This is one of my favourite photos. I took it a few years ago when I visited the Skogskyrkogården cemetery in Stockholm, Sweden during winter. The guidebook I was using (Lonely Planet?) recommended it as an interesting place to visit, and as I had some time to kill, I decided, why not? It was my first visit to a cemetery ever, and thus began my hobby of visiting and taking photos of cemeteries I came across on subsequent trips to Europe (see previous post).
It wasn't a particularly dark morning, but for some reason, the photo came out as though I had taken it just as the sun was beginning to set. The park was very peaceful, and there was a wonderful harmony of functional architecture and nature; there was an abundance of pine trees, and the tombstones were neatly, but not disruptively, laid out amongst them.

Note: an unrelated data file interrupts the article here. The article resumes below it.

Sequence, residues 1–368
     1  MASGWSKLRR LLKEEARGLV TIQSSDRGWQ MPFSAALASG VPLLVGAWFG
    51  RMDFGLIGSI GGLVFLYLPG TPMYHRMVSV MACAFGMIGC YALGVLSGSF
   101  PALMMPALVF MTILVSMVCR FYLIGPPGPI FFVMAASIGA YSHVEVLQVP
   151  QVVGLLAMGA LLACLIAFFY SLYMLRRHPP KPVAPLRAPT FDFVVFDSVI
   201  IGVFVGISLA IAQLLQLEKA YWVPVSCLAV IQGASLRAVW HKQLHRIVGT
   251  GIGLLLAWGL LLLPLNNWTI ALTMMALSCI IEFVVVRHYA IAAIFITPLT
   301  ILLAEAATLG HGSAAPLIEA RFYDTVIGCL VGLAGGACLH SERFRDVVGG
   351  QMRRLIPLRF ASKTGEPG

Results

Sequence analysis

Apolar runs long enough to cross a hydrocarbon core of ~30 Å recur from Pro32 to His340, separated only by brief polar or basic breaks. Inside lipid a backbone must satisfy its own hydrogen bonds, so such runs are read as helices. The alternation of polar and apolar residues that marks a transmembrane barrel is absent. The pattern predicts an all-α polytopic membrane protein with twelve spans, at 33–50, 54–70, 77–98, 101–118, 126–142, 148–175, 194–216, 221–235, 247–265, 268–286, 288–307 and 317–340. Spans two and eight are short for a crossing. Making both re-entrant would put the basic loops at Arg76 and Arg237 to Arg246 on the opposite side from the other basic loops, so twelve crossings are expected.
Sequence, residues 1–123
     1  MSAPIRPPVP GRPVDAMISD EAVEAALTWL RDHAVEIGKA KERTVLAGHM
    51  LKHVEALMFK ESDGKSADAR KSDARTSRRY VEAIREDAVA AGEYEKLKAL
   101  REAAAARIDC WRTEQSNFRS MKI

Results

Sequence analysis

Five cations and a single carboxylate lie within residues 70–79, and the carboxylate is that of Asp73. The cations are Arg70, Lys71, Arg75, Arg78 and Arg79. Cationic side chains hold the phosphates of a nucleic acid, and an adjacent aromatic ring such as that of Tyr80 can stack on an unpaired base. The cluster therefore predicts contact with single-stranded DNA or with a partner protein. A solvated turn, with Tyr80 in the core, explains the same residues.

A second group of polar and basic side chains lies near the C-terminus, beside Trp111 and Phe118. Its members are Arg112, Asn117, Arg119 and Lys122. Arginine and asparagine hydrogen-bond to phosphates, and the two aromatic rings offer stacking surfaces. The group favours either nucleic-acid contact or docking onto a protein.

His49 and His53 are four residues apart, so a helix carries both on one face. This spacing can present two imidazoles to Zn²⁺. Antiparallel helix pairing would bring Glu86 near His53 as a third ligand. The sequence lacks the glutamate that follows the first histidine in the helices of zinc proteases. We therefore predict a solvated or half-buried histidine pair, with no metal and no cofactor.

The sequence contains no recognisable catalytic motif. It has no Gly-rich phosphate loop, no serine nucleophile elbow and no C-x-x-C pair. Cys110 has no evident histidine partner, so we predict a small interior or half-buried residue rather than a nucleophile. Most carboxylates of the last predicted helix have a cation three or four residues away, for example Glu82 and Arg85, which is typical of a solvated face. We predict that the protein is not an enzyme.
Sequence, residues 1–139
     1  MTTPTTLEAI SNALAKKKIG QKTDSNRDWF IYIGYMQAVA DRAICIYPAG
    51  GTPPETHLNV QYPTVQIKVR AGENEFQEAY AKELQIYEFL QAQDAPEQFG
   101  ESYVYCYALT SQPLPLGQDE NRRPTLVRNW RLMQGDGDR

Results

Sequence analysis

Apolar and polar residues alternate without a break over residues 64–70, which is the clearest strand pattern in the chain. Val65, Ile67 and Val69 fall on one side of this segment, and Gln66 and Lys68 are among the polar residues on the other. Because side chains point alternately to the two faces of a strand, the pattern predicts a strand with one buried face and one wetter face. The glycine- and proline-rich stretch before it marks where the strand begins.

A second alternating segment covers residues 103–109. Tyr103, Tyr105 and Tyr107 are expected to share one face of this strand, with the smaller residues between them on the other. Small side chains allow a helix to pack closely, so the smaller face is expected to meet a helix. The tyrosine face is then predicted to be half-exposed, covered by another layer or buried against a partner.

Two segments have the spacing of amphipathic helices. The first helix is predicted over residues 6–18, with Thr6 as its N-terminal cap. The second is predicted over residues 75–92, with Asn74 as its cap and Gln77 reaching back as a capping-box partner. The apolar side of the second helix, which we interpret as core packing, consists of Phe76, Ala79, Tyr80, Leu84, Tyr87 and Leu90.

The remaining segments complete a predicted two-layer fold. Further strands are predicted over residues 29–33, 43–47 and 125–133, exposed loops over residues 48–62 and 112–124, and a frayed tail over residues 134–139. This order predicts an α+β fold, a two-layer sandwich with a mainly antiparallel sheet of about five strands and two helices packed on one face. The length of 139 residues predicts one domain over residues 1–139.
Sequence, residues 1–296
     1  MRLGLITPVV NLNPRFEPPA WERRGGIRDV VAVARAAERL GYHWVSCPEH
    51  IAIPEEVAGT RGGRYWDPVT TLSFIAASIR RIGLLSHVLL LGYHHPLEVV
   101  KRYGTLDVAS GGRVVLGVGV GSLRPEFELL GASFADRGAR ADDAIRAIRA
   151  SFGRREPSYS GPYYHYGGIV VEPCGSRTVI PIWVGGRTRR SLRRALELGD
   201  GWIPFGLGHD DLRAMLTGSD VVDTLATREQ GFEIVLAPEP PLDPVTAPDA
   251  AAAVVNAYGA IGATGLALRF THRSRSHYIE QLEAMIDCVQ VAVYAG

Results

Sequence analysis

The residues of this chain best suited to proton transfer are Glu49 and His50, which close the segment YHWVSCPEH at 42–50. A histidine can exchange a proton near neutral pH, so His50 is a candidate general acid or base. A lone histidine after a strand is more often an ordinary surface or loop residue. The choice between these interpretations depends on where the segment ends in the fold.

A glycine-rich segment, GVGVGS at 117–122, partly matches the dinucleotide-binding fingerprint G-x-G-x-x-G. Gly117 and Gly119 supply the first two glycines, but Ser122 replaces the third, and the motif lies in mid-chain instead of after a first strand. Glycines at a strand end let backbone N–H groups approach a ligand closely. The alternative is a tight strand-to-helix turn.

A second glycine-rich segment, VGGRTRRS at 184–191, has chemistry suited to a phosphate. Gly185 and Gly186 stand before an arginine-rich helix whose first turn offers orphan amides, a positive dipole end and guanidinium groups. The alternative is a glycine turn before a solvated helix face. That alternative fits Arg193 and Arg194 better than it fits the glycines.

Skogskyrkogården (Swedish for Woodland Park) was built between 1917 and 1920 by architects, Gunnar Asplund and Sigurd Lewerentz, who were awarded the job of designing and building the cemetery after an international competition was held. If I recall correctly, the gigantic cross in the photo was designed by Asplund.
Greta Garbo is buried here, although I didn't manage to find her grave the day I went. I did, however, manage to find the Woodland Chapel after an hour and a half of trekking amidst the snow, and happily wandered inside with my camera slung around my neck. To my surprise, and I'm sure to the surprise of the congregation inside, there was a funeral service going on and after a second or two of stunned silence, I turned around and beat a hasty retreat.
You can go to this site for a virtual tour of Skogskyrkogården.